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US surprised by Bolivian expulsion of USAID


Bolivia's decision to expel USAID came as a shock to the United States, as no one in Evo Morales' government had complained about the US development agency's activities, a US official said Thursday.

Meddling in Bolivia's internal affairs was the stated reason for the decision announced Wednesday by President Morales, although he did not specify just how the agency was interfering.

Now, nine US experts working in South America's poorest country in education, health and environmental programs will presumably have to leave, said Mark Lopes, USAID's deputy assistant administrator for Latin America and the Caribbean.

The agency had a budget of $26 million in Bolivia last year.

In 2008, Morales expelled the US ambassador and agents of the US Drug Enforcement Administration, accusing them of meddling in Bolivia's internal affairs as well. Bolivia is a major producer of coca leaves, the raw material of cocaine.

The United States responded by expelling the Bolivian ambassador and ending trade privileges that it had granted the country.

After a long period of frosty ties, the two countries in 2011 signed a framework agreement to normalize relations and exchange ambassadors again, but tensions remained and no exchange of ambassadors has taken place.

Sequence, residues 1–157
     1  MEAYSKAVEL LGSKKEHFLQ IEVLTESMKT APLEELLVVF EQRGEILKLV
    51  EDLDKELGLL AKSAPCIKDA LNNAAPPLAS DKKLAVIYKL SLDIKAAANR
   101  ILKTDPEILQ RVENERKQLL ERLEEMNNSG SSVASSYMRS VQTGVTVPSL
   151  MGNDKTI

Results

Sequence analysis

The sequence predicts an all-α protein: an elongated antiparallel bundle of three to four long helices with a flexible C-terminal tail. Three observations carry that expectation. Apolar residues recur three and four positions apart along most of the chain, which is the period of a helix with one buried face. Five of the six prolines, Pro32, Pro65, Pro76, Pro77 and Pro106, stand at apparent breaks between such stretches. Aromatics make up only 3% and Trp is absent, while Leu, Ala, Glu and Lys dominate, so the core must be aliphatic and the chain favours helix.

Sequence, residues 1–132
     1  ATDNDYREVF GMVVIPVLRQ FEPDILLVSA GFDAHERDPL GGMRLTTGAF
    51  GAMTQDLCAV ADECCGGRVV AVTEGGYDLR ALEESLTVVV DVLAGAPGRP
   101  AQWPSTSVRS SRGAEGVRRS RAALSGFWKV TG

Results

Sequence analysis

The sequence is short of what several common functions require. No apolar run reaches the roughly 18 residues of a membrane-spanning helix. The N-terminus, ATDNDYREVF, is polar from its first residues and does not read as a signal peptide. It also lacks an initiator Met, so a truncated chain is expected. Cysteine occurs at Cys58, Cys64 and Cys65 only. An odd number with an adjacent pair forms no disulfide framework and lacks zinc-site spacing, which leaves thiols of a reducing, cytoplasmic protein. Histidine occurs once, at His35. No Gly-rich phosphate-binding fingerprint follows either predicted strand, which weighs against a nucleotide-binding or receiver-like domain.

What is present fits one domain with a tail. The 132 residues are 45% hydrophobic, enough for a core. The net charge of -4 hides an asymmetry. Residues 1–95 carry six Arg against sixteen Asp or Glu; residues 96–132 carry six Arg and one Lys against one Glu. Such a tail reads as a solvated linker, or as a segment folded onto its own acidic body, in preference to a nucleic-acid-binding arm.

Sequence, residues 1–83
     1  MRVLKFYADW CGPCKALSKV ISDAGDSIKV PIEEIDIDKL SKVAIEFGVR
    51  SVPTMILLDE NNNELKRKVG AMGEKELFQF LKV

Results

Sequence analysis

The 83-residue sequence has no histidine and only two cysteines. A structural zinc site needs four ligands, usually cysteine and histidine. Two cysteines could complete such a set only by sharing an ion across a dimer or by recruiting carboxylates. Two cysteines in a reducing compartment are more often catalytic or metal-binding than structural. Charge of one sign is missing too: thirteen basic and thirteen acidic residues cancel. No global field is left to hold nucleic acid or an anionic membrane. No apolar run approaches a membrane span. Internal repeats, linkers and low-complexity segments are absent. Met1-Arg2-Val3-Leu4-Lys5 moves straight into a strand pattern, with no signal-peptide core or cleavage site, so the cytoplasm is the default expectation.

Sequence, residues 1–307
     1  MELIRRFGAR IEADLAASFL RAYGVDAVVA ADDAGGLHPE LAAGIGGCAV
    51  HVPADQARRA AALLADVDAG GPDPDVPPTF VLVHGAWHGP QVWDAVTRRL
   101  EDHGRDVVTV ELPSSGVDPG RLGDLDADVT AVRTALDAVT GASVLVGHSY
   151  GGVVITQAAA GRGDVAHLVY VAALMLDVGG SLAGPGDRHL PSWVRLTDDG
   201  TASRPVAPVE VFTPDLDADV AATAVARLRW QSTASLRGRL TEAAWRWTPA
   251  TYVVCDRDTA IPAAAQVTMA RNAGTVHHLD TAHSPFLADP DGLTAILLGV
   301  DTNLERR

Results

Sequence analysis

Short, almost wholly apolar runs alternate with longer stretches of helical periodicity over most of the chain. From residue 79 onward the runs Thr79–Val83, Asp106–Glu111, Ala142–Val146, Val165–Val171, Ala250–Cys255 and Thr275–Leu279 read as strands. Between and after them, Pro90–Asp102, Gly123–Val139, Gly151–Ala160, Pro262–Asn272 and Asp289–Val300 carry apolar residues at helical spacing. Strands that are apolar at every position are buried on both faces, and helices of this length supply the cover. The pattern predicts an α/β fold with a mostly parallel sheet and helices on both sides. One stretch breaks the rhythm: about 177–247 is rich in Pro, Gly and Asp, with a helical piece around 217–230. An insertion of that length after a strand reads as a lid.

USAID had heard there was grumbling within the Morales government about it but "we always found cooperative partners and government officials within all levels of government," Lopes said.

In Bolivia, indigenous groups that make up the majority of the population -- Morales himself is an Aymara Indian -- have clashed with the government over road projects and their desire for more of a say in the nation's political life.

But Lopes denied any suggestion that USAID had links to such groups.

"This idea that we're not transparent, not telling who we're funding, is simply false," he told AFP.

"Not one of this sort (of concerns) was raised to me," he added.